A

system of counting using a

base of 60 rather than 10.

The number 60 was used as a base for counting by the ancient

Sumerians and the cultures that followed them, the

Assyrians and

Babylonians. I have heard or read of a few theories as to why:

- The year has about 360 days.
- A basic unit of coinage, the mana, was divided into 60 shekels, and counting followed accounting.
- 60 has a lot of convenient factors, and the priestly classes who did the counting adopted the system to avoid inventing fractions.

The Babylonians actually used a sexagesimal

positional notation for writing numbers; there were 59 patterns of two basic

cuneiform marks. This system had the unfortunate flaw of lacking a symbol for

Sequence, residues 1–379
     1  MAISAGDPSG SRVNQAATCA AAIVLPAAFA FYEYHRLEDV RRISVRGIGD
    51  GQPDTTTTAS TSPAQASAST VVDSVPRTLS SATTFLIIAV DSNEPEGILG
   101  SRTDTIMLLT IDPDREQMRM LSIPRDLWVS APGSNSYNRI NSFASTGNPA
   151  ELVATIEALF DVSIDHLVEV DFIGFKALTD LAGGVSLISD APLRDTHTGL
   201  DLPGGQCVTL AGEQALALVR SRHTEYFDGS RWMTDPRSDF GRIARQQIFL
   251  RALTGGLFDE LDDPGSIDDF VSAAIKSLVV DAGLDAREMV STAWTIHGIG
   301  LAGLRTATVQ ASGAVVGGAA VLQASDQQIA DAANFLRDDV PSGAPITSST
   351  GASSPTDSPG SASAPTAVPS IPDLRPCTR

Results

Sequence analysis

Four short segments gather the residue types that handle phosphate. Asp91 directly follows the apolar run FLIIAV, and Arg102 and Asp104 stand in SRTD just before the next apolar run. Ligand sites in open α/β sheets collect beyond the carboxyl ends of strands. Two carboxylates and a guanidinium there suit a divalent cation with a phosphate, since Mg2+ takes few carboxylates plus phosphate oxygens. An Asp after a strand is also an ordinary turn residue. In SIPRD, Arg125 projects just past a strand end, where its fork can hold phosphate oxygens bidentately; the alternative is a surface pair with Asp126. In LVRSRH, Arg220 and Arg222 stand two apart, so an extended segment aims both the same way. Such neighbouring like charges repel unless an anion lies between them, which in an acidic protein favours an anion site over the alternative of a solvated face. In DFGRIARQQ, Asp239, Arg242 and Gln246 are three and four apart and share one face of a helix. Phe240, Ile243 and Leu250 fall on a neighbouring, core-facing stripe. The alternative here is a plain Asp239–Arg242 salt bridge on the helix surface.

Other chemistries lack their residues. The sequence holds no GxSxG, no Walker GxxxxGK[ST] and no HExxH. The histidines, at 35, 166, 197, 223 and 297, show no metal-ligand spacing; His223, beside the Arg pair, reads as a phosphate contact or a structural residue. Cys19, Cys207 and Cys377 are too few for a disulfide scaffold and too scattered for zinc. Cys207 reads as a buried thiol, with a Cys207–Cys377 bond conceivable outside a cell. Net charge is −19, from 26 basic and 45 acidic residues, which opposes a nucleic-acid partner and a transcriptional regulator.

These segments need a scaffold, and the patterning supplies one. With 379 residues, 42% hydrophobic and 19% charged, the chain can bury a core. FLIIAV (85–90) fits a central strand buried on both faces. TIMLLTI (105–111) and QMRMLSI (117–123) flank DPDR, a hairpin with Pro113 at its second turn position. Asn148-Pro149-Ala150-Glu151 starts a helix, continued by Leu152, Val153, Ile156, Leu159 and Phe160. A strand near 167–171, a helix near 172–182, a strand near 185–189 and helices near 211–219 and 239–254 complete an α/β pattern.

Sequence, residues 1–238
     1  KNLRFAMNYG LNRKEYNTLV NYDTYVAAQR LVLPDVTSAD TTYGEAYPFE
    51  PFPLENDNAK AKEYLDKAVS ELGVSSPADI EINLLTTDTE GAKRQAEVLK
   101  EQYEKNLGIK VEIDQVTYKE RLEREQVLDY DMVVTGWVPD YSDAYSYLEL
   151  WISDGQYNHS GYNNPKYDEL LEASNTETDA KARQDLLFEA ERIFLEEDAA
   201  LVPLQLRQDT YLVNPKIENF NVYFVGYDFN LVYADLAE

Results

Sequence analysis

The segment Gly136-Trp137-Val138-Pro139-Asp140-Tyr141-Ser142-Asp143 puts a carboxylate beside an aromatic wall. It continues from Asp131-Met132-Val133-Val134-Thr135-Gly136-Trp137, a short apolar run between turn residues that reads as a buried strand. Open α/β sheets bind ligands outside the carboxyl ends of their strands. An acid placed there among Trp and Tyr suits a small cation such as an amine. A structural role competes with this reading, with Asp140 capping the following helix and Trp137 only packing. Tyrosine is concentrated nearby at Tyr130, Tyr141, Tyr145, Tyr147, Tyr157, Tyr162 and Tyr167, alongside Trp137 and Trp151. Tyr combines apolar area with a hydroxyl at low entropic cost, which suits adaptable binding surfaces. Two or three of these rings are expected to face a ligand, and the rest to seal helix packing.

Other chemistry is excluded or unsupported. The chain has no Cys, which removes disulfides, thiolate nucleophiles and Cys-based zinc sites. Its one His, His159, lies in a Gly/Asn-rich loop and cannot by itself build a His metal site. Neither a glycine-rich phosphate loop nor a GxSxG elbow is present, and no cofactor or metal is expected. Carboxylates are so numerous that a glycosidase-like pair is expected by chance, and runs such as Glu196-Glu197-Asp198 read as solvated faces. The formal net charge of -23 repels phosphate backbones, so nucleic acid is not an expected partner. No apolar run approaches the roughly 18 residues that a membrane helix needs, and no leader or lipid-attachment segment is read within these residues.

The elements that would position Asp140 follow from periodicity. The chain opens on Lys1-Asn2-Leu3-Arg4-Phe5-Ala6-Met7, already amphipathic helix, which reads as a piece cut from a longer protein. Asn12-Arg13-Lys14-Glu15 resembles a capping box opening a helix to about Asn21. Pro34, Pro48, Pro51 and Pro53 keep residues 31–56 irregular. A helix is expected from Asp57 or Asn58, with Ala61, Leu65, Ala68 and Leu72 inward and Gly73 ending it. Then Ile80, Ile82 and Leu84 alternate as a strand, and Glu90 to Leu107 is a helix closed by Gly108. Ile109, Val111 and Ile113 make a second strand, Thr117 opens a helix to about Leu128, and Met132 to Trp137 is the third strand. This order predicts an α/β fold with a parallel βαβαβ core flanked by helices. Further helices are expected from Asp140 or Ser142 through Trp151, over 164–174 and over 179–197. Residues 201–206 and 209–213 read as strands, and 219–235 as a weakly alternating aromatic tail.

zero, meaning that certain renderings could be interpreted as several different numbers. Just think what it would be like if "37" could be interpreted as 37, 307, or 370. Around 2000

BCE they began to catch on to this and began putting spaces in numbers where we would today put zeroes. In about the 300s BCE some Babylonian scribes began using a special "zero" symbol instead of a space.

The remnants of Babylonian sexigesimal numbers are still around today:

- Hours are divided into 60 minutes, which are divided into 60 seconds each.
- Angles are measured in degrees, 360 of which make a full circle. Degrees are also divided into minutes and seconds.